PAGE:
National Organization for Marriage Files Suit against IRS: Page 3 of 3 | AccountingWEB

National Organization for Marriage Files Suit against IRS

"NOM noted in those requests its belief, based on the computer forensic evidence it had uncovered, that the IRS had to be the source of the disclosure," Eastman said. "TIGTA responded in an April 20, 2012, letter that acknowledged receipt of NOM's request and provided NOM with a complaint number, Number 63-1204-0051-C. At the outset of the investigation, investigators from TIGTA sought to determine whether the document with the internal IRS markings might have originated from NOM, but once NOM demonstrated that it had not, we received no further information about the investigation. As of May 31, 2013, however, over a year after making the request, NOM has not received any information resulting from the requested investigation from TIGTA."
 
Eastman also stated that NOM filed a series of Freedom of Information Act requests in August 2012, seeking to find out the status and results of the TIGTA investigation. He claimed the IRS and the TIGTA declined to provide NOM with the most relevant information. In a response dated May 3, 2013, Eastman said the TIGTA declined to acknowledge the existence of the investigation, even though NOM was provided with a complaint number.
 
"Worse, that latest nonresponsive 'response' from TIGTA even adopts the Orwellian position that the same statute which prohibits the disclosure of a taxpayer's confidential tax return information prevents any disclosure of the culprit of that felony," Eastman told Congress.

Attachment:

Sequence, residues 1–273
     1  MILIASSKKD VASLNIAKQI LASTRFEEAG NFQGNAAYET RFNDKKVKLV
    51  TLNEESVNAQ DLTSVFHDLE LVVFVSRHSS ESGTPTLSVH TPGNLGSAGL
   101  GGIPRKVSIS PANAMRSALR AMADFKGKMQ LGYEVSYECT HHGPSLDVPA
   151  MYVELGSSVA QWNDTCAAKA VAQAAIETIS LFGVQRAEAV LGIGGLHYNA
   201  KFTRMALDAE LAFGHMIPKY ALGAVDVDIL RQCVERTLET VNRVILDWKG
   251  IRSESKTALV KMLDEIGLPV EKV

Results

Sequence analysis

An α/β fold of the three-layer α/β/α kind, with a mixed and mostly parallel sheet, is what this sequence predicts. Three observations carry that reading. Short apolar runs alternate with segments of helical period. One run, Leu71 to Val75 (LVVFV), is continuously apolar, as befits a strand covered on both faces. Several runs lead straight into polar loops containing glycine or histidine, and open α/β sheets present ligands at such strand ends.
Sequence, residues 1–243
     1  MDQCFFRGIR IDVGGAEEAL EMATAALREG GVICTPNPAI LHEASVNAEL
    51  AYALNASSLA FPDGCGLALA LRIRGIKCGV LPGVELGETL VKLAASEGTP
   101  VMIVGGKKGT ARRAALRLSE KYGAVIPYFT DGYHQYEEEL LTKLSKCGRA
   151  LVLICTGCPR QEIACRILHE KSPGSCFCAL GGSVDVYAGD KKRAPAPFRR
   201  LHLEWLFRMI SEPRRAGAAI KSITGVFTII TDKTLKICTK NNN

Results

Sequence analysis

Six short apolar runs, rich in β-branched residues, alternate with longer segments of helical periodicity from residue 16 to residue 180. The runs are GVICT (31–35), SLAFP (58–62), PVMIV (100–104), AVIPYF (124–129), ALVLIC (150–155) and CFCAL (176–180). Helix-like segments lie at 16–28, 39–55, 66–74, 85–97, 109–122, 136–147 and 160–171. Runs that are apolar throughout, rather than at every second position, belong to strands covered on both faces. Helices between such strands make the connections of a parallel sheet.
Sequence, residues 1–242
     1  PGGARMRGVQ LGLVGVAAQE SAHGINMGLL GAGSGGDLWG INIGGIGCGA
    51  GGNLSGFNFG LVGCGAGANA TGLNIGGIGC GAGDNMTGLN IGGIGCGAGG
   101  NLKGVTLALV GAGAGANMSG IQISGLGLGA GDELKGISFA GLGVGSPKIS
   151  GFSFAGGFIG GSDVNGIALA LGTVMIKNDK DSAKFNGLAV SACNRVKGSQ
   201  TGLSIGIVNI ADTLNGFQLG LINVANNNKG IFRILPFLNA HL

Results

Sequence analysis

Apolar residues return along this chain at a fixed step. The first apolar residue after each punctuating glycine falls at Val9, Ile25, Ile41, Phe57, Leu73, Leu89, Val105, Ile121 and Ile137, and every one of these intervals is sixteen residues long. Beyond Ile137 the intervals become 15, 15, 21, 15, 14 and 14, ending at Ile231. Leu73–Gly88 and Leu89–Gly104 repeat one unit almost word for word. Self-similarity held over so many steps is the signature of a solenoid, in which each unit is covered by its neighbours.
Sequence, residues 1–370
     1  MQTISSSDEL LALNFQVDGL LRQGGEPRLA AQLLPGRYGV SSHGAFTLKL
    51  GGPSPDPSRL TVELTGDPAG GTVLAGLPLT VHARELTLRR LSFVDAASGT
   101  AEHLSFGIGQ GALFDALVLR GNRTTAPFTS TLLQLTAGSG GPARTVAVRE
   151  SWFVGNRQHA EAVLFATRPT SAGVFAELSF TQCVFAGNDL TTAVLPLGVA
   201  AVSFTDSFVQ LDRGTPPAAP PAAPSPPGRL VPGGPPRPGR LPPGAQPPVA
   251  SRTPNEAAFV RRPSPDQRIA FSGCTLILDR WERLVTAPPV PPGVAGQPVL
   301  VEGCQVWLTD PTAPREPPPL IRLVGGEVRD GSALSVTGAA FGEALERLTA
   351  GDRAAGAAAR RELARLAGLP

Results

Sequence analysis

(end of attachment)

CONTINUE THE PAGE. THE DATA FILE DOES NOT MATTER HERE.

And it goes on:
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Eastman's testimony came less than a month after the IRS apologized for scrutinizing the tax-exempt status of groups with conservative titles, such as "Tea Party" or "Patriot," in their names.
 
"So far, the IRS and Obama administration officials have stonewalled our every attempt to get information or answer basic questions about who knew what inside the IRS and who in the Obama administration had any information or involvement in this crime," Eastman said in a written statement. "Our lawsuit will be a powerful tool in ending the stonewalling and getting the truth to the American people."
 
The IRS has not responded to a request for comment on the lawsuit.